I relate 'Green' to parenting thusly: I see today's generic diet and monocropped culture as definitely deadly to the kids and mothers and fathers of the future (that's all of us); I see lowering the ecological footprint of today's typical American family as a fundamental first step to saving tomorrow's children, as well as maximizing our own limited time here on the planet; I believe that, as a species, we require a healthy chunk of re-wilding in order to return to some sustainable balance with nature as well as with our own collective psyche; I believe that a resurgence to THE LOCAL for food and medical needs for our families and elderly and children will best sustain our communities and revitalize our economies with the inherently unique culture granted them by place.

If we don’t want a world full of standardized testing and rulers and competition then we need children who can live outside the box and be the most unique individuals they can be. If that is what they want to do. And I think it will be. If we want a world without bars on its windows then, more than ever, will we need children who are free.

Further Reading:

This essay was first published by Tomas in Rad Dad #7, July/August 2007.


Activist Mommy said...

*applause from the cheap seats*

linda said...

I love reading your blog. Having unschooled a now 20 year old daughter all these years it is soul satisfying to read through your journey about all your efforts and your amazing girls. I also received your zine awhile back now and we have it in our radical lending library space at in the parenting section. Peace.

Sara said...

I relate to that bit about intending/attempting to parent non-coercively but pulling authority sometimes because of the culture we live in, and also about the mutual "raising" between me and my daughters. I think they help me more than anything else to recognize the blinders to true freedom of personality, and they certainly keep my authoritarian inclinations in check.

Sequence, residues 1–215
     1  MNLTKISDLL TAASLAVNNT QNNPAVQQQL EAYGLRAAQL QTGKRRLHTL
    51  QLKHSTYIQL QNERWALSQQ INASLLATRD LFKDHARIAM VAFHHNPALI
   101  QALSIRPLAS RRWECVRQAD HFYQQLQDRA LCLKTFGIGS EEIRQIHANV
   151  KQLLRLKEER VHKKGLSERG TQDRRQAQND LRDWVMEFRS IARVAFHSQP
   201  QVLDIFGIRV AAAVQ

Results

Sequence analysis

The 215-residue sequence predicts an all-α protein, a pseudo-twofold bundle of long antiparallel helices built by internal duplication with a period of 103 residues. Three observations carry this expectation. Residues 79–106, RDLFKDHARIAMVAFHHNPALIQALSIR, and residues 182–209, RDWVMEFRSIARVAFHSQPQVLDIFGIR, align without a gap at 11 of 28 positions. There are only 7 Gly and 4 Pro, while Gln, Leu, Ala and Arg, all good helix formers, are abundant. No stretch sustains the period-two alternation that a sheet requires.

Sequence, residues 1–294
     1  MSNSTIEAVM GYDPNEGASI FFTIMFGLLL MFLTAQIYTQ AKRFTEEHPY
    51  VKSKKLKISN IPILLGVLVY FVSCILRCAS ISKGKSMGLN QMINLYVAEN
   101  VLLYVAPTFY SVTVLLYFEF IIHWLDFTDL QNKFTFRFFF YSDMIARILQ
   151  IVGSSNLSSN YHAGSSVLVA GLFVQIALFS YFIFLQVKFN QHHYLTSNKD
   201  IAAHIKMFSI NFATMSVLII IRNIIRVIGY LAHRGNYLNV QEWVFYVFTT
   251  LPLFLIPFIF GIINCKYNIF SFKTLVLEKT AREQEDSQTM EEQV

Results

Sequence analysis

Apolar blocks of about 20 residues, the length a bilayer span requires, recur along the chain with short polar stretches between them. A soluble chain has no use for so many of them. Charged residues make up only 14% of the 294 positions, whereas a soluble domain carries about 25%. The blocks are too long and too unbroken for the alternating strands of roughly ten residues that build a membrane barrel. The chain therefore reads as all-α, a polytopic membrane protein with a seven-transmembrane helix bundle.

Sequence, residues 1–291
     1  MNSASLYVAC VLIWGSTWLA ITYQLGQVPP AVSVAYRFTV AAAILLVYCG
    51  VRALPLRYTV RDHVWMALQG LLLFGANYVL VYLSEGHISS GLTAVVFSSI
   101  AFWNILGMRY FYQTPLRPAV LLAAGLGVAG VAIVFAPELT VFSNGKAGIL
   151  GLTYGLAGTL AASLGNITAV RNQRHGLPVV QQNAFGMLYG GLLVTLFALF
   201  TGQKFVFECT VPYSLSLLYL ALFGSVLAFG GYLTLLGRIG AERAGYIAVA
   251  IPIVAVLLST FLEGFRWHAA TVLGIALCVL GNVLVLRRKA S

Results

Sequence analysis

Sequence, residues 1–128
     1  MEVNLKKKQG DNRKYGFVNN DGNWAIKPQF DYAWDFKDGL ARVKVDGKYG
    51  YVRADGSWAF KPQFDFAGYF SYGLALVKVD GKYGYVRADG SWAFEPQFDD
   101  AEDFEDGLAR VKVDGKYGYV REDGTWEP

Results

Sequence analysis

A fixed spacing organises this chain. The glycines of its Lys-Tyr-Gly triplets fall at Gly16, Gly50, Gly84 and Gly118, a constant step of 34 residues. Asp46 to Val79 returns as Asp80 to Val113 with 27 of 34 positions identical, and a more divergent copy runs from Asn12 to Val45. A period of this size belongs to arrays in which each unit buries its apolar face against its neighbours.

I sometimes get the presumptuous criticism that parenting non-coercively translates to letting my kids run into the street. However, I can reassure those critics that I do bully my children in this regard. I suspect that if I didn't bully them in incidences such as staying close to me in public, they'd probably have already been crushed under the tires of a vehicle. I rarely even see other kids out in public, so I don't feel surprised when drivers don't watch for them.

MaGreen said...

right on, sky.

hope alls well.

Joy said...

Thank you. To me, parenting feels like an internship in humanity-where both my child and I regularly exchange roles as student and teacher. The lesson my son continues to teach me, is that raising a child requires crazy amounts of time and energy, but very little stuff. At, my co-author and I share our thrifty green adventures in the hopes that our blogs can empower other parents to reduce, recycle and simplify.

willem said...

i am hopeful for the idea that i can expend my energies building a new world with my family, (large and small,) and fight the old one only when forced to. there is so much discovery in this perception of the world; some of it uncomfortable as i sit with some old and useless, but tenacious ways of thinking. even in my fourth anarchist decade.